Following the law would not have been enough

Even if the Berlin Twp Police Chief had followed the law as written and issued a pistol purchase permit within 30 days, it would not have been enough for Carol Browne. After all, that would merely have allowed her to purchase a pistol, at which point she could only have it in a ready-to-use condition at her home, or possibly at her “fixed place of business” (I’m unsure as to whether that exemption applies to employees or only to the owner, and, at any rate, I presume she’d have had to have permission of the owner of the business). While in transit, though, the law requires:

All weapons being transported under paragraph (2) of subsection b., subsection e., or paragraph (1) or (3) of subsection f. of this section shall be carried unloaded and contained in a closed and fastened case, gunbox, securely tied package, or locked in the trunk of the automobile in which it is being transported, and in the course of travel shall include only such deviations as are reasonably necessary under the circumstances

Which would have made it very tedious (and somewhat unsafe) for her to have had her pistol ready to use when she was attacked. She could have walked out to the car and entered it, removed the magazine and unloaded the chamber, stored each as the law requires, and driven directly to work, reversed the procedure, worked, then done the same. Of course, every time you handle a firearm, particularly in unholstering and holstering, and unloading, you risk a discharge. In addition, this would have to be done in the confines of a car, which would necessarily preclude situational awareness. Not to mention that she still could not have the pistol available when running errands about town.

In theory, she could have applied for a permit to carry, but in practice, that would be almost impossible to get – the permits are may-issue and require both the approval of the police chief who was not diligent in issuing the purchase permit and a judge’s approval (and they very rarely approve).

The system that is a good start for the anti-gunners, whose provisions are supposed to “protect” women, meant that Carol Browne had no way to effectively defend herself when a bad man walked through the restraining order to kill her. She did everything she could legally do, and it was not enough.

11 thoughts on “Following the law would not have been enough”

  1. But at least no one was shot, right?

    To the anti-gunRights folks, an innocent woman being stabbed to death is preferable to an attempted murderer being shot. That should tell anyone who is paying attention all they need to know.

    1. Oh, don’t worry. Once they’re “done” with the guns, knives will be next, and then the use of force even in self-defense will be viewed with suspicion. See Great Britain.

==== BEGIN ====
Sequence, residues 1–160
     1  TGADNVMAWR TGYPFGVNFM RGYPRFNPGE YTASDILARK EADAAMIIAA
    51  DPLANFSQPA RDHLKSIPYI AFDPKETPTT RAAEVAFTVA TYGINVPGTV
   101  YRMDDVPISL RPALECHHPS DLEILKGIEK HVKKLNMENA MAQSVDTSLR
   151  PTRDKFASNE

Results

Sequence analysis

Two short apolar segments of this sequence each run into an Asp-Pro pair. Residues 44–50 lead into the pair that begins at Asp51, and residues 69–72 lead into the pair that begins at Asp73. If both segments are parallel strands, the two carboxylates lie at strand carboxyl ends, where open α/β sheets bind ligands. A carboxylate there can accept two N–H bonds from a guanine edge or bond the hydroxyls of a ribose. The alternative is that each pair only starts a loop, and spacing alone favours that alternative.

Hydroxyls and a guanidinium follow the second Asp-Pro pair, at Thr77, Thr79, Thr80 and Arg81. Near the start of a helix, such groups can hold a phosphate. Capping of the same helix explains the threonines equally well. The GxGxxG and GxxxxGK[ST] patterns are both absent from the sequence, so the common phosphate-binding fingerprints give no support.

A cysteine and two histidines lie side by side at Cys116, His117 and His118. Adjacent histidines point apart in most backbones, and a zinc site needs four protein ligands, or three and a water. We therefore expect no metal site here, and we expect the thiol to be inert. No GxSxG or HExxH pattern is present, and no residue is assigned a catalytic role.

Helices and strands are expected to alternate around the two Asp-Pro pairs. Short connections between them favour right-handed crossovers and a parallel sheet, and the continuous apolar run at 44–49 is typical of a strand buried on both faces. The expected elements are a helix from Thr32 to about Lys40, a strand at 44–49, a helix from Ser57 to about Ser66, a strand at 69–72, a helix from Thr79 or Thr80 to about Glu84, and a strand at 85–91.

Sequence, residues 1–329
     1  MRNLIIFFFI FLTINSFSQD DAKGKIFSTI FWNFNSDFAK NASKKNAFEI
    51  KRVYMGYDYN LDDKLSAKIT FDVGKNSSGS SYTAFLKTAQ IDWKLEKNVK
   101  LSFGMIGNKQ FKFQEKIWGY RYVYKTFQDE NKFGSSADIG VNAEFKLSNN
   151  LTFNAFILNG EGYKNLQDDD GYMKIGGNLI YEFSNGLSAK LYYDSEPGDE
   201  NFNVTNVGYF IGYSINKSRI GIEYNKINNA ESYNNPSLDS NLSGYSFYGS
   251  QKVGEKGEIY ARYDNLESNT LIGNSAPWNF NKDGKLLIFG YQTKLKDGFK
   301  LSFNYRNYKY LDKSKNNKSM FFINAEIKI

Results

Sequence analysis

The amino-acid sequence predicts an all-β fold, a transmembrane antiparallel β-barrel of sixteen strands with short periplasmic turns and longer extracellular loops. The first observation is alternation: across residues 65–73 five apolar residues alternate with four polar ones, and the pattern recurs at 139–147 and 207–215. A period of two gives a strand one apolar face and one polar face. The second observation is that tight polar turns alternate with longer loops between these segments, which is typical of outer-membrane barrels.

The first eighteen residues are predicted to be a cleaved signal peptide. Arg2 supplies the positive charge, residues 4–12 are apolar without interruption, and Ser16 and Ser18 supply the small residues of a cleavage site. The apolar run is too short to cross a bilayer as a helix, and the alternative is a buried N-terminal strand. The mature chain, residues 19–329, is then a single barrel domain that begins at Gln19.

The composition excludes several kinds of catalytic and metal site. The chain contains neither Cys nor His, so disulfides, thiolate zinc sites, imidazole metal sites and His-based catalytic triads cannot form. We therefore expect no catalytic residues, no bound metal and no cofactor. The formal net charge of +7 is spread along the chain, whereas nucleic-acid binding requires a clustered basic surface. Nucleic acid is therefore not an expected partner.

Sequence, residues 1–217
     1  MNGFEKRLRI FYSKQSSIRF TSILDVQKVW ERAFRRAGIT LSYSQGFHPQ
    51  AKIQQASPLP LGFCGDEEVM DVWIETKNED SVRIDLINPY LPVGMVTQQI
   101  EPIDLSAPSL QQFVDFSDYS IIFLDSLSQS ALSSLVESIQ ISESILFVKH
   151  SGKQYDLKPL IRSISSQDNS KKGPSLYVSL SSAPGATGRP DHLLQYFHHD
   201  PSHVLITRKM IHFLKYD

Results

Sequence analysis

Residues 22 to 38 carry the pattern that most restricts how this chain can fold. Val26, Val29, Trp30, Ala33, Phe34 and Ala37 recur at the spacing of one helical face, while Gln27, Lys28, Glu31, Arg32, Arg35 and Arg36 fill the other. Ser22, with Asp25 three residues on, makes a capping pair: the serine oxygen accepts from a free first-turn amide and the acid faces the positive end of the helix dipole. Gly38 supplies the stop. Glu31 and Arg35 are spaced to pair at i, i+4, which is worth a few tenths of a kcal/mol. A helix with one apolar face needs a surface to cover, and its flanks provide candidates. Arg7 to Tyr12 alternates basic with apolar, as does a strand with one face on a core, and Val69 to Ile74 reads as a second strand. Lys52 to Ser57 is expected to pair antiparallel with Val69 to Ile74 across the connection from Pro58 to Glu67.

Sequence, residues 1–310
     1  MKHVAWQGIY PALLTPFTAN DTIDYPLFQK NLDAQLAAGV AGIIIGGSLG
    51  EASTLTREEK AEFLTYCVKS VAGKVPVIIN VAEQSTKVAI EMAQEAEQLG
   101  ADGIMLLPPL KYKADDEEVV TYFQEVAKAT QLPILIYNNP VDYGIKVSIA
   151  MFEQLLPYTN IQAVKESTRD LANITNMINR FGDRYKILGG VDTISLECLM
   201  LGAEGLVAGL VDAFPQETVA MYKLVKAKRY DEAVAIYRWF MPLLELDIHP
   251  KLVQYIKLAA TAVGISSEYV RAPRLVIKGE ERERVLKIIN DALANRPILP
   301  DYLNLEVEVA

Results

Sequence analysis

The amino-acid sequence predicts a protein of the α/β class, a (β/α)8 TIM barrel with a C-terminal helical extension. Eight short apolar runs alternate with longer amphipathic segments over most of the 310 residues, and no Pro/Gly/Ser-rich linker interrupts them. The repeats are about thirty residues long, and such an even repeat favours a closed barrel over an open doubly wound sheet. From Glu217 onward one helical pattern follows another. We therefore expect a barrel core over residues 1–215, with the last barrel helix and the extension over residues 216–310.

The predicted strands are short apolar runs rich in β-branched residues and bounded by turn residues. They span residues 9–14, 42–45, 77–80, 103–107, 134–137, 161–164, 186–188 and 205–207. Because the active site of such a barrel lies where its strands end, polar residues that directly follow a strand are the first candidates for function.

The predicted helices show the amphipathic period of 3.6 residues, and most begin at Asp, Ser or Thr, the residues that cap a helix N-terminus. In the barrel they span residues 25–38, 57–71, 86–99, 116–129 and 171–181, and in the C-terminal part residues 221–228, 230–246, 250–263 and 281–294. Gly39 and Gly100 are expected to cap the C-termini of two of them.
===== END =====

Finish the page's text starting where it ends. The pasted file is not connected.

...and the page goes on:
1. “…will be viewed with contempt. See Great Britain the place where Great Britain used to be….”


  2. The way NJ firearms laws are written, simple possession of a firearm is a felony, unless you fall into one of the exemptions (which are an affirmative defense). You are legal to have a firearm at your fixed place of business, meaning you have to actually be the business owner (not necessarily the property owner) and a business owner cannot “allow” his employees to have firearms.

    Back to the exemptions, there is not one for traveling to/from work if you don’t own the business, so she would be looking at 10 years in prison, with a presumptive 7 and a minimum mandatory of 3.5 years (same as Shaneen Allen was facing).

    1. Does anyone wonder why I left NJ for the greener pastures of PA?

      It amazes me that anyone still lives there…..

    2. I am an NJ firearms owner, so I do try and keep up on the subject. Given that there have been a couple of incidents recently where store clerks have shot burglars and not been charged, I had considered that employees of the business were likewise covered. There’s a LOT of misinformation floating around the internet about what NJ guns laws actually say, and I don’t own Nappen’s book.

      None of which invalidates my point, which is that even if her purchase permit had been issued, it would likely not have changed events.

      1. I understand the point you’re making here, I think the pistol permit process is still an issue.

        It’s really a matter of knocking down barriers in sequence; In order to make use of a carry permit you still actually need to have a firearm. So totally discounting the later issue of actually getting a the carry permit, the pistol permit process would still be a relevant issue.

      2. The store clerks in Newark were actually the store owners, which is why they weren’t charged.

  3. Her last name was B-o-w-n-e not B-r-o-w-n-e.

    We all need to get this poor woman’s last name correct if we want to keep our message clear about how she was a victim of New Jersey’s laws and double standards.

Comments are closed.